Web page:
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New Jersey estate planning: Plan for pets in a natural disaster

When someone thinks of estate planning, it is often with the thought that it will only be needed after someone has lived a long life. However, with the recent devastation and loss of life brought to New Jersey from Hurricane Sandy, estate planning is again in the picture. This time it's for pets. A hurricane forecast is often fraught with guessing and sometimes panic, but when a city is struck by such a damaging storm, our loved ones and pets can often become lost in the chaos.

The United States has been struck with some catastrophic storms over the last 10 years. When Hurricane Katrina was poised to strike Louisiana, people were often left with the difficult decision of finding shelter and deciding whether they could take their beloved pet with them. The ASPCA has startling numbers attributed to pets entering their doors because their guardian died or become otherwise unable to continue caring for them. They estimate over 100,000 animals are placed in shelters each year because their owner failed to plan for them after they died.

Storms are often the catalyst that encourages people to update their estate plans. However, it is recommended that people also include their animals just in case something happens that could leave the animal homeless. Many of these animals wind up in shelters because owners don't address them in their plans. While no one would forget a child, many don't see their animals as property, so issues of guardianship or the creation of animals trusts aren't brought up.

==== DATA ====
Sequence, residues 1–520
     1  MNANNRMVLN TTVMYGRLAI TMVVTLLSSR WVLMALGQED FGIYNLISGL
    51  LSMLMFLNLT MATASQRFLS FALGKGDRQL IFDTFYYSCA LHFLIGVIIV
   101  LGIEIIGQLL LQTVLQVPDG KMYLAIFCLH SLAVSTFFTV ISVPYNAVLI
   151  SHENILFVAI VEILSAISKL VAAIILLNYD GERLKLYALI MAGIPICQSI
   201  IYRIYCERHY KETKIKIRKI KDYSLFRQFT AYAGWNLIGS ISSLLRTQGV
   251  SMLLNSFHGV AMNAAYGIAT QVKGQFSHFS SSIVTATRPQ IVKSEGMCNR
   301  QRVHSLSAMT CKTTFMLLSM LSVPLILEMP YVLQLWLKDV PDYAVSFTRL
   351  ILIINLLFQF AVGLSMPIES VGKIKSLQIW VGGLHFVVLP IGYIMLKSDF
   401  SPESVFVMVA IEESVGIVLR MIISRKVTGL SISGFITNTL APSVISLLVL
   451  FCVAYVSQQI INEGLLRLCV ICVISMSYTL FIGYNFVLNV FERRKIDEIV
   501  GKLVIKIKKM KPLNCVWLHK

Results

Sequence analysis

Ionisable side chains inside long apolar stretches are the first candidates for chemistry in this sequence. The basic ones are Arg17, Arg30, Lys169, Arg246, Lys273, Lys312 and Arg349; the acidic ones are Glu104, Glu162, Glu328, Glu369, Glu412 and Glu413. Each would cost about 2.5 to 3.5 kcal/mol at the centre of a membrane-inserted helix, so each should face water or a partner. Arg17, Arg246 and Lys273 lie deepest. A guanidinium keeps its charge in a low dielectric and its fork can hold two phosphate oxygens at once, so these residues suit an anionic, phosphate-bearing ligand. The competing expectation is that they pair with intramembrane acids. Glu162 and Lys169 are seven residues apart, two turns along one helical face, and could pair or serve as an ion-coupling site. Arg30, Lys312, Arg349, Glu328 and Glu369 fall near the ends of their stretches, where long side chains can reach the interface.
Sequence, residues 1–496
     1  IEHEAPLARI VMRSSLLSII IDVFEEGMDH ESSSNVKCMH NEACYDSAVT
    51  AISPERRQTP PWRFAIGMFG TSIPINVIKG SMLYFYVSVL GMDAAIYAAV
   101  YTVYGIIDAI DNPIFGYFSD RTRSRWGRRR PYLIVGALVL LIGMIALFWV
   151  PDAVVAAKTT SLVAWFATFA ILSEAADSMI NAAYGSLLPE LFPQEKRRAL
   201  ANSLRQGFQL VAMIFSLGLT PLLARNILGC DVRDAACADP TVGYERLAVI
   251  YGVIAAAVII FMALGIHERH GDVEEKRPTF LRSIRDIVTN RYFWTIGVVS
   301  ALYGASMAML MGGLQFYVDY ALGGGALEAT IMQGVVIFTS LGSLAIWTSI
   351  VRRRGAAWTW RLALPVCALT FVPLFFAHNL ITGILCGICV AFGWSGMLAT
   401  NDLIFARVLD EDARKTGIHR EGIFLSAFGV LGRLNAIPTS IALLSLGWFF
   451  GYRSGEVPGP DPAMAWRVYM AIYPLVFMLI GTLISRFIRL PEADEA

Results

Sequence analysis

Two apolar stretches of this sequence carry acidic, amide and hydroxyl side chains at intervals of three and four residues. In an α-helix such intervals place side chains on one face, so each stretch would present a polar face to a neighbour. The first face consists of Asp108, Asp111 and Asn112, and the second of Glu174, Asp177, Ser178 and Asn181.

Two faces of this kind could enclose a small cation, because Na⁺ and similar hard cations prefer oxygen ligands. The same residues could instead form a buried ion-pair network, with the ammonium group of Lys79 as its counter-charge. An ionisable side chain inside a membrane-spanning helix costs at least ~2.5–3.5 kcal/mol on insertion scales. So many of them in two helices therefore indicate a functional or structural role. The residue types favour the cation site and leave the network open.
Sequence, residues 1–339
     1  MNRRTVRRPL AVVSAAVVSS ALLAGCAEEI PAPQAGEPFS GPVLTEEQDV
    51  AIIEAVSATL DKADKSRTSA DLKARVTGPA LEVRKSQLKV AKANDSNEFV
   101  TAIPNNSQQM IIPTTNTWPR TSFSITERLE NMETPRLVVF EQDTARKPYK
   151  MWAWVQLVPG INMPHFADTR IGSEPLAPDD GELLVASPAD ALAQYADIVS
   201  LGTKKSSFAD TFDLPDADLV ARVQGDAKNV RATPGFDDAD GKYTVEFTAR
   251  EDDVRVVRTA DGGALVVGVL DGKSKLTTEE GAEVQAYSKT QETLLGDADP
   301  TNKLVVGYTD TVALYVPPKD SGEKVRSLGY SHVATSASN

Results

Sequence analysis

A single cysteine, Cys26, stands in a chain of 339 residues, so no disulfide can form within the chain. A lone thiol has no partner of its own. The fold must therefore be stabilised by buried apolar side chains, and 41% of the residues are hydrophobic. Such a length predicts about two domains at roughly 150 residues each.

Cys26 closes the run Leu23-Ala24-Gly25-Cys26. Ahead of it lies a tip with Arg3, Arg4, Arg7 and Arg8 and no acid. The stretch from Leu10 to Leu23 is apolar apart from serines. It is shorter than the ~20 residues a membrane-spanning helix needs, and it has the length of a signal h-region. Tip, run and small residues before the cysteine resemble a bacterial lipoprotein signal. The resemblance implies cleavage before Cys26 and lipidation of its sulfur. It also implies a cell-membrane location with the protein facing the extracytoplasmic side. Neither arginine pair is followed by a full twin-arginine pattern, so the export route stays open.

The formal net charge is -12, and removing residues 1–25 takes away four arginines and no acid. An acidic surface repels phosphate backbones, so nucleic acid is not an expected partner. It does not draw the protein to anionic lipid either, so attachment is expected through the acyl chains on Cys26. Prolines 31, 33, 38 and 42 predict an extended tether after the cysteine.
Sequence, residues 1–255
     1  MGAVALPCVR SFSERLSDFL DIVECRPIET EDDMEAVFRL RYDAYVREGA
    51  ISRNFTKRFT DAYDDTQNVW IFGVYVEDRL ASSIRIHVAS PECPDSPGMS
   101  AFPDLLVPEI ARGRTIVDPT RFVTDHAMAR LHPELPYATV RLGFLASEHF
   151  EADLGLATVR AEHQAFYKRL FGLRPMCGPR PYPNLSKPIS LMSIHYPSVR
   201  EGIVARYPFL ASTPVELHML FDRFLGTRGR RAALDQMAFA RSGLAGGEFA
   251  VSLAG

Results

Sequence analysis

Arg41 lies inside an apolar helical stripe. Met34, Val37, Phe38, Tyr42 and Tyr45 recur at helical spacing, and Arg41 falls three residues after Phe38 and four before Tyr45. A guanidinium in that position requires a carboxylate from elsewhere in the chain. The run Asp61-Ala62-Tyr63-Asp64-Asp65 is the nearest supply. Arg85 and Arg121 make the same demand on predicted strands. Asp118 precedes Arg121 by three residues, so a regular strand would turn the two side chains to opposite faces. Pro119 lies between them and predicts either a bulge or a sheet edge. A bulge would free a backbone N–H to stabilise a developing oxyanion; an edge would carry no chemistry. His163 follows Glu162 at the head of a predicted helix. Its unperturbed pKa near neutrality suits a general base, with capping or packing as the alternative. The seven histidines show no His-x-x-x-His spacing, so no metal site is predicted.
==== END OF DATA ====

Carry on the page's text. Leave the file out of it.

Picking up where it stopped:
A pet trust is often associated with the ultra-wealthy. However, pet trust funds are beginning to become more popular. With the recent events of Hurricane Katrina and Sandy, more people are beginning to see the pros to making an estate plan to govern their animals and themselves in the event of such a disaster. For New Jersey residents, making room for the pets while estate planning can ensure their furry friends continues to stay inside of a loving home, long after their owner has passed on.

Source: CNBC, "Estate Planning for Your Pet? Superstorm Argues Yes," Jacoba Urist, Nov. 19, 2012

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Law Offices of Nancy M. Rice
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